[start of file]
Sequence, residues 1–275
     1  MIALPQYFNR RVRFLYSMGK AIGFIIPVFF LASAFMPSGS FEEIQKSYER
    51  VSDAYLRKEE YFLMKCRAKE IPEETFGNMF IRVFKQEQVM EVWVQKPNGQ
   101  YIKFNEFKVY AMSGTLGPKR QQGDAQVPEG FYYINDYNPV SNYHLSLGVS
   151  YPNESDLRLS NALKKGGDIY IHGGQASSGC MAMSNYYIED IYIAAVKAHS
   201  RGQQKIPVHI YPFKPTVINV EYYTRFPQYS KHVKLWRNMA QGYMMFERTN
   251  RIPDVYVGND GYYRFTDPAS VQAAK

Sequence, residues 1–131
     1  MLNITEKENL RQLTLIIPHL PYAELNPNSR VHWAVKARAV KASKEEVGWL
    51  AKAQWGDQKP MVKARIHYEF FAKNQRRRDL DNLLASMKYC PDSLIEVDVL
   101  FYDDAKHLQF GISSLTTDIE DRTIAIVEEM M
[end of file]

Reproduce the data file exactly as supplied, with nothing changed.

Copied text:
Sequence, residues 1–275
     1  MIALPQYFNR RVRFLYSMGK AIGFIIPVFF LASAFMPSGS FEEIQKSYER
    51  VSDAYLRKEE YFLMKCRAKE IPEETFGNMF IRVFKQEQVM EVWVQKPNGQ
   101  YIKFNEFKVY AMSGTLGPKR QQGDAQVPEG FYYINDYNPV SNYHLSLGVS
   151  YPNESDLRLS NALKKGGDIY IHGGQASSGC MAMSNYYIED IYIAAVKAHS
   201  RGQQKIPVHI YPFKPTVINV EYYTRFPQYS KHVKLWRNMA QGYMMFERTN
   251  RIPDVYVGND GYYRFTDPAS VQAAK

Sequence, residues 1–131
     1  MLNITEKENL RQLTLIIPHL PYAELNPNSR VHWAVKARAV KASKEEVGWL
    51  AKAQWGDQKP MVKARIHYEF FAKNQRRRDL DNLLASMKYC PDSLIEVDVL
   101  FYDDAKHLQF GISSLTTDIE DRTIAIVEEM M